And that was part of what Mr. Y and I talked about today. Mr. Y broached the topic with a question: "So what's going on with your being hired here?" I explained my visa situation, noting that I'd likely have to wait until sometime in October before I could draw up a contract with the Golden Goose. Mr. Y frowned and then said something that was music to my ears: "Nah, we could probably bring you in earlier than that." I don't know exactly what time frame is implied by "earlier than that," but if "earlier than that" means "before August 30," that would be marvelous. Mr. Y made clear that he didn't have the final say on my hiring: that would be up to the company president. But he also mad clear that he was on board: like my immediate boss, he likes me a lot and wants to see me become part of the company.
So I'm ecstatic to have two heavy hitters—my boss and Mr. Y—in my corner, advocating for me. I've told myself that, once I'm full-time and on salary with the Golden Goose, I'll simply commit to working there—no questions, no complaints (well... almost no complaints). With the huge jump in salary, the nearly free housing, and the chance to continue working weekends at KMA, this really is a decent setup for old Uncle Kevin. I told Mr. Y that I think the three of us need to sit down together and talk further about this "bringing Kevin in earlier than that" business. Mr. Y concurred. How wonderful it would be to, say, begin working full-time in August. I wouldn't receive my first paycheck until September, but the timing would be perfect: I'd be getting about $3,500, which would allow me to both buy my plane ticket to the States and get a hanbok made in plenty of time for Sean's wedding.
Stuff to do, money to earn, and a new mountain to climb. Life is good.
Tuesday, July 21, 2015
Monday, July 20, 2015
Today, I did something unusual: I met my Golden Goose coworker at a basement studio in Mapo-gu, in a run-down edifice called the Nam-goong (南宮, South Palace) Building. I had been told that my services as a Korean interpreter would be needed. I cringed because I knew my Korean skills are shaky at best, but it was obvious, at the same time, that I spoke Korean at a much higher level than my coworker, who said he needed my help in explaining certain things to the tech guy. Beyond that, I had little idea what was going to happen.
Turned out that we were waiting for two American voice actors to come to the studio to record some of the dialogue for one set of our company's textbooks. They were late in arriving because of a mixup about which studio they were supposed to be at, but ultimately, they finished the entire recording by 3PM, which was when they'd been scheduled to finish.
I was wowed. Both of these voice actors—a man named Matt and a lady named Barry (yes, Barry: "as in Barry Manilow," she said archly)—were true pros, and it was humbling to watch and listen to them doing their thing. Once they got in front of their mikes,* they sounded exactly like the voices I've heard, over and over again, on so many English-textbook audio files. Their pronunciation was excruciatingly exact, their voices loud and rich.
I'm thinking of telling my brother David about these two. David works at a PR firm in DC; his firm regularly puts out public-service videos (David stitches these vids together—a herculean effort), so there's always a need for voice talent, and at a pay rate of $900 an hour, it's the sort of opportunity that's hard to ignore.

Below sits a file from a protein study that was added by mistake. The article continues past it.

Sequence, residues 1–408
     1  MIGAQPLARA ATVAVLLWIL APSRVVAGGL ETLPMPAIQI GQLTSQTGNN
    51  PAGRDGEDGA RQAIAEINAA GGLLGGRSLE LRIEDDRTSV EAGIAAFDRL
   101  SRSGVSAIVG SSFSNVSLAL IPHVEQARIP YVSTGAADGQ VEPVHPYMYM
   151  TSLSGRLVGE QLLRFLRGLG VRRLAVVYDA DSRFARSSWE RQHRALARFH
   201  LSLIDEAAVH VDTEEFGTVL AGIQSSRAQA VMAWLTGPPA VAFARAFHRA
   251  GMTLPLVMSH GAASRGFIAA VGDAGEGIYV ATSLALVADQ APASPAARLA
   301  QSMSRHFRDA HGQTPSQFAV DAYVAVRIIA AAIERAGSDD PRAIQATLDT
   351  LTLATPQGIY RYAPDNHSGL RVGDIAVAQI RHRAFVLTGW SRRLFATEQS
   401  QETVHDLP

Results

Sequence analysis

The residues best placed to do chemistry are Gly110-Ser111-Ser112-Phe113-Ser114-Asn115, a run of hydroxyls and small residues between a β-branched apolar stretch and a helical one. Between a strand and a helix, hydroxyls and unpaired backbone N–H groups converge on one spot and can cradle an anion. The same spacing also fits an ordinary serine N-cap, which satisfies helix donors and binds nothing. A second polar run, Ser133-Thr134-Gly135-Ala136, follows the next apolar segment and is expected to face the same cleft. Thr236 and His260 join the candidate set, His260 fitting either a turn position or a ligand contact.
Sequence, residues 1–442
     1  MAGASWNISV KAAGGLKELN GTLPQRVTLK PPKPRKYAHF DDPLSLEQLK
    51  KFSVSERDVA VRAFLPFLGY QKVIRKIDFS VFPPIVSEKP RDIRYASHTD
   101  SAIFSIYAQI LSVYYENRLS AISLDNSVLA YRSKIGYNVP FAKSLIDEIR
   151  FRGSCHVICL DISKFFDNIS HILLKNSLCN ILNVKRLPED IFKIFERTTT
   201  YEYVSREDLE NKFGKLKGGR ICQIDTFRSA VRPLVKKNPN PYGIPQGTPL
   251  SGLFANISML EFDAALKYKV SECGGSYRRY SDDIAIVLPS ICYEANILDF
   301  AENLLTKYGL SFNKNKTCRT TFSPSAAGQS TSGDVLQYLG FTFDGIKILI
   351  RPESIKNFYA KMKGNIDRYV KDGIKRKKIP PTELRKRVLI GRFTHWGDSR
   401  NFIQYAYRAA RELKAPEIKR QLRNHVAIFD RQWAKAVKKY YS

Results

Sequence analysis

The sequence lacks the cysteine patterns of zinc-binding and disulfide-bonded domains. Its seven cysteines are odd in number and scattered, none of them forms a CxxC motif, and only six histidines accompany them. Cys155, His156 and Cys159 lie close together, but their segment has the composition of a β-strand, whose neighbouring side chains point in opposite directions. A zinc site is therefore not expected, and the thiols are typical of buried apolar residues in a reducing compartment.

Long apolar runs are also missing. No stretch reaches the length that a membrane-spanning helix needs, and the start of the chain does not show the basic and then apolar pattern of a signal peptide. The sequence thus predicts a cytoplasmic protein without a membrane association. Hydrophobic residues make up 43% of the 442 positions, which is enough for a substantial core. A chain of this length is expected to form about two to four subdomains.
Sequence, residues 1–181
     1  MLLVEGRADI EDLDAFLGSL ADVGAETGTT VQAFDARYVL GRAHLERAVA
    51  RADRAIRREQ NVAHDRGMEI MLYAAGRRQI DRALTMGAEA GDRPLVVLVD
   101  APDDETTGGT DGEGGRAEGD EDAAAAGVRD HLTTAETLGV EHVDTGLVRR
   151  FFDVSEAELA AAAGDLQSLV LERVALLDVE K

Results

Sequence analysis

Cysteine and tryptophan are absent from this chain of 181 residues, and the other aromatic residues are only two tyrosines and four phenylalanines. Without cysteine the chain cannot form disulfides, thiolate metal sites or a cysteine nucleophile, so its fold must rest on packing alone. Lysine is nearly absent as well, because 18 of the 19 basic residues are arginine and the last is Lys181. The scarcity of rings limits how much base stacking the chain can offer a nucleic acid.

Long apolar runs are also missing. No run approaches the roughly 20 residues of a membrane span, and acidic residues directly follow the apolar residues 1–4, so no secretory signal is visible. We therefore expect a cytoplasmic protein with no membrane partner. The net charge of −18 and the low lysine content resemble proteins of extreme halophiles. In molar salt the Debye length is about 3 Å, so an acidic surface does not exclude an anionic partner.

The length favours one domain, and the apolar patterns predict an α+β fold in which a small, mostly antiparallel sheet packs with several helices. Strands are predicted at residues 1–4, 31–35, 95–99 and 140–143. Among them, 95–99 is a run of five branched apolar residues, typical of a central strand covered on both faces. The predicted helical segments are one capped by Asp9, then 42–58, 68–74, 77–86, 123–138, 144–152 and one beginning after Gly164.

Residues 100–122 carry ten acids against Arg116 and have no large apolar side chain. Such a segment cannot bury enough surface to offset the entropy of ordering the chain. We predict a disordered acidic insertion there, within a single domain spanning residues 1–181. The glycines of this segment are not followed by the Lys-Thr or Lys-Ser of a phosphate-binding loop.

Anyway, today was a bit out of the ordinary for me. The heat was horrible; the building was old, and its restroom didn't have any toilet paper (had to buy some at the convenience store around the corner), but the studio guy was nice and the voice actors were truly amazing in their professionalism, so all in all, I'll chalk this day up as a win.
*I refuse to spell it "mic." To me, that's pronounced "Mick," and it's offensive to Irishmen. Same goes for "veg," which I spell "vedge" despite the lack of a "d" in "vegetable." To my ear, "veg" rhymes with "peg," so no dice. Try to think of a normal, non-abbreviated English word (not a loan word from a foreign language) that ends in a soft "g," i.e., a "g" that sounds like an English "j." Can't think of one, can you. I thought not. That because pronouncing a final "g" as a soft "g" violates a fundamental rule of pronunciation in English, which is:
DON'T FUCKING DO THAT.
Sunday, July 19, 2015
And we're off. My brother David texted me to say that he has finally received the long-awaited (three weeks, now) official notification from USCIS—the writ saying that their office did indeed receive my paperwork. USCIS is now, presumably, processing everything I gave them, and I hope to end up with some damn records. The letter notes, bizarrely (or maybe not bizarrely—hard to tell), that the records will come to me in the form of a CD, which means, I suppose, that it'll be up to me to print the records up here in Korea. My fear is that, by printing the records myself, I'll be somehow de-legitimizing the paperwork. Normally, I'd expect a multicolored document with a watermark and a raised seal to go along with the printed text.
Assuming I get the naturalization paperwork without there being some sort of processing error, and/or without learning that the requested document doesn't exist... assuming the paperwork says "Suk Ja Kim" (Mom's maiden name) on it... assuming those things, I can bundle up my paperwork and give it to Korean Immigration, which will issue me my visa in precisely three weeks. I still don't know whether I'll have to leave the country and come back because of this change in visa status; I can probably look such information up online, and it's a small concern compared to my much larger worries.